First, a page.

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  • Lucas Del Rosario

Album Love Letter: Kero Kero Bonito's Bonito Generation


We’ve reached a weird point in the semester where things start to drag. Spring break has come and gone, and what lies before us is the typical, tiresome end-of-semester slog. It can be hard to stay positive, so I suggest some nourishment for your weary mind in the form of sugary, bubbly, part-English, part-Japanese bilingual electro-pop. London trio Kero Kero Bonito’s debut album Bonito Generation is a metaphorical Tums for your life-induced heartburn. The album draws influences from J-pop, city pop, hip-hop, electronic, dance, and video game music to create an album that is sweet in every sense of the word. It’s like a full season of Yo Gabba Gabba! melted down into a 36-minute pop record. The kind you might listen to while wearing a propeller hat and holding a lollipop. It’s hard to listen and not have your mood pick up at least a little bit.


The intro track, “Waking Up,” is a perfect display of both the infectious optimism and dazzling production on this album. Considering the scant hours of sleep enjoyed by many students, the lyrics might ring true: “There's so much stuff to do / Right now I just wanna snooze.” Waking up is the epitome of sudden change: going from peaceful sleep to blaring alarm sounds and the sun beaming down into your eyes. Sarah Bonito, the main vocalist and sometimes-rapper of the group, does not deny the difficulty of things, but still, she recognizes that they might be worthwhile: “Because waking up is the hardest part / But then, it's essential.” Similarly, on “Break,” the group stresses the importance of slowing down and taking time for yourself, even if it seems unnatural.



On “Graduation,” Sarah bids farewell to the “torikago”, or birdcage, of education, sarcastically gushing about supposed job prospects and potential future earnings. However, this might be a way of coping with the uncertainties accompanying major life changes: “And everyone's happy, but [I don’t want to go] / What shall I do now the world is mine?” Similarly, in “Hey Parents,” Sarah shows appreciation to her parents while realizing they were once in her position. The song emphasizes her fear of growing up: “Will I find my life / Has happened all before? / Sometimes I realize / Time's running out, and I don't know why / [But I wanna be a kid forever].”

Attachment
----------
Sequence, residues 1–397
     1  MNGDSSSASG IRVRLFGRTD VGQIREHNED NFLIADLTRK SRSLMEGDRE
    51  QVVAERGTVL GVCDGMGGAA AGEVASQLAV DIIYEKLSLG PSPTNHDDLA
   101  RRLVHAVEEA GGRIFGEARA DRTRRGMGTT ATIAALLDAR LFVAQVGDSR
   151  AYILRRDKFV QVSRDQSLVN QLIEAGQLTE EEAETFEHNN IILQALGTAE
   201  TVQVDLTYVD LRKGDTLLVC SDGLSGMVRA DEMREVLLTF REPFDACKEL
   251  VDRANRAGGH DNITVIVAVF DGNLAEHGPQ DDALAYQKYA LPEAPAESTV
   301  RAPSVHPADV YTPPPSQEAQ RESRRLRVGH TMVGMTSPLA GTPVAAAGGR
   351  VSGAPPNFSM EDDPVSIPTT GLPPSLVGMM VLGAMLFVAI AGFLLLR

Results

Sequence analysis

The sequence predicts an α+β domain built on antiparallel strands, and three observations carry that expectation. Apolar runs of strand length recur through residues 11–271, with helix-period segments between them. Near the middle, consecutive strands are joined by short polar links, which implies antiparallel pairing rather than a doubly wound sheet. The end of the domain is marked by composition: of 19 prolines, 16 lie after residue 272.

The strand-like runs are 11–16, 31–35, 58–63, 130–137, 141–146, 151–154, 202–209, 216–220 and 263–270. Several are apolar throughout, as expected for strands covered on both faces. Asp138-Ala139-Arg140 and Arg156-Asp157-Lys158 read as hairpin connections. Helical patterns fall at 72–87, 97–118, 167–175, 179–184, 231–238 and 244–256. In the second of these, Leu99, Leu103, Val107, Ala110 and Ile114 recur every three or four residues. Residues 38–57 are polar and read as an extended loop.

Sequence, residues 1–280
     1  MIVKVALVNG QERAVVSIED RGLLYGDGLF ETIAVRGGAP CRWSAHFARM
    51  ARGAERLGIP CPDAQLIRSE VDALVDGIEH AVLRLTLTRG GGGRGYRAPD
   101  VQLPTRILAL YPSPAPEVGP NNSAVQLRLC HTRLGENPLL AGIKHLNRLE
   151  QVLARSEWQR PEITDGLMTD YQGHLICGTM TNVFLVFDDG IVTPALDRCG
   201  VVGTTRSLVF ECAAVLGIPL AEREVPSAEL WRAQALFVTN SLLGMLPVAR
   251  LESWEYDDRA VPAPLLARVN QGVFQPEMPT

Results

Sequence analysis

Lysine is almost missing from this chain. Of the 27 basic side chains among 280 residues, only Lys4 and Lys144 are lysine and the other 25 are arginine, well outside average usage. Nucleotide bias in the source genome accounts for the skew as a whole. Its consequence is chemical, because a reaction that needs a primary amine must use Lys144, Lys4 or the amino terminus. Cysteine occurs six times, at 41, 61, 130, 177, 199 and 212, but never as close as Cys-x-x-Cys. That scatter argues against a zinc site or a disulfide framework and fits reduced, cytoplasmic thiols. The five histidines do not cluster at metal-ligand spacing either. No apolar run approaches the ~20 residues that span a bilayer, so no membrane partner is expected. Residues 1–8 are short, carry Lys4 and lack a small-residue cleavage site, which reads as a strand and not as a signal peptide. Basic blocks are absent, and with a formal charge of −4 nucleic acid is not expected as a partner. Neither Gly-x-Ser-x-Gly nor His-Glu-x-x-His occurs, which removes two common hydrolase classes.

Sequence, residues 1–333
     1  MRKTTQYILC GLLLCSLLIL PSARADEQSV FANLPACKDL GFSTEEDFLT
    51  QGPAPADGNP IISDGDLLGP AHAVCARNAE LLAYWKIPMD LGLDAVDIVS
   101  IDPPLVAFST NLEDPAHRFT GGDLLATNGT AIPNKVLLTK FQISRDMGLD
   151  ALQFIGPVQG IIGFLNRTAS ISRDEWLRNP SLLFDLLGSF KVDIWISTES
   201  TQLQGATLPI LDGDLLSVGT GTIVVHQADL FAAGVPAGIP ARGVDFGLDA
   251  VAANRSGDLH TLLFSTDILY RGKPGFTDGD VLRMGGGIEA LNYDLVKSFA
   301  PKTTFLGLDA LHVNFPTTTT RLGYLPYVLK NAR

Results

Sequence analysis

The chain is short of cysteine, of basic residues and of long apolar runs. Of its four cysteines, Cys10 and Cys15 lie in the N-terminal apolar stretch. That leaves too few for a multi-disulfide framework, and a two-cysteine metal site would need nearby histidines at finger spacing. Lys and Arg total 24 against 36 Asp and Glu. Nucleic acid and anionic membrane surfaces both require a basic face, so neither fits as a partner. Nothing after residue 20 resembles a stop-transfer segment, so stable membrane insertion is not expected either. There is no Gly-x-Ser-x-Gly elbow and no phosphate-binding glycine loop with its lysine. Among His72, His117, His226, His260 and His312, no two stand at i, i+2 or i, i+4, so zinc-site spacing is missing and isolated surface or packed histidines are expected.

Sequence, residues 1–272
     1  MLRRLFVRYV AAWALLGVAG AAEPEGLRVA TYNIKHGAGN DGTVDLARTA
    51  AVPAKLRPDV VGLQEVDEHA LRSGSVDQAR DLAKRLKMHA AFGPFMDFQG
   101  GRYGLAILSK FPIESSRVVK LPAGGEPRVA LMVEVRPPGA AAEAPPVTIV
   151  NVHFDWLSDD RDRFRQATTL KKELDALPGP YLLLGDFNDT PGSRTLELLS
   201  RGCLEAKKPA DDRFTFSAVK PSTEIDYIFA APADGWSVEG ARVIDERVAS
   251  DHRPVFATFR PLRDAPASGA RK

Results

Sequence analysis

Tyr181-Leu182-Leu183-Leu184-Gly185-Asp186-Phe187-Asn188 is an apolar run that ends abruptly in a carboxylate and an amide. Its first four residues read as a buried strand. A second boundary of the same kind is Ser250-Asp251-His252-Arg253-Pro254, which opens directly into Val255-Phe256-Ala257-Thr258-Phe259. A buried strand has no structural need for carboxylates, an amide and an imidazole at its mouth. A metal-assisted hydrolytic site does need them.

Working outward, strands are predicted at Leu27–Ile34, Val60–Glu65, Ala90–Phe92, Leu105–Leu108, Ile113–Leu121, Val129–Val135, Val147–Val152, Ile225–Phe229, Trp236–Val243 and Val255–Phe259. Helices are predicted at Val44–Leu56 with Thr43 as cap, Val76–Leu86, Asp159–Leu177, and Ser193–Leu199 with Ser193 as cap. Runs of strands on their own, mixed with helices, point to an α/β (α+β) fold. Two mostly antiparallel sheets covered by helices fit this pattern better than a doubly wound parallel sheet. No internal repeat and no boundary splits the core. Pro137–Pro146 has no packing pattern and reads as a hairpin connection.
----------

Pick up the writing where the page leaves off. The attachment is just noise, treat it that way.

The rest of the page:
The moments of dread don’t last forever, though, as the album remains ridiculously optimistic throughout. Sarah confidently lists off her skills and abilities on “Try Me,” which naturally includes business, dancing, and throwing a party (with you!). It might be a good one to play if you have been lacking confidence or doubting your own abilities lately: “But sometimes if I think too hard / I forget that I'm a superstar.” More than anything, the music is upbeat and eclectic, producing many moments to sway or dance to, whether on “Fish Bowl,” with its chorus of “oohs” and “ohhs” set against a background of shoegaze-y, washed-out guitar; or the enigmatic “Lipslap,” a lively house/hip-hop banger with all the typical KKB flavorings thrown on top. “Trampoline” is the song that most resembles a radio hit if you’re in need of some energy, while “Picture This” advocates taking as many pictures as you can “to show everybody you’ve ever known” and to have plenty of material to reminisce about in the future.



I commend Bonito Generation's somewhat childish nature. I don’t think Kero Kero Bonito is suggesting that you disregard emotional awareness or skirt adult responsibilities. Still, maybe it wouldn’t be so bad if we embraced childlike wonder every once in a while. Most importantly, the album is just plain fun. Who would we be to deprive ourselves of fun?



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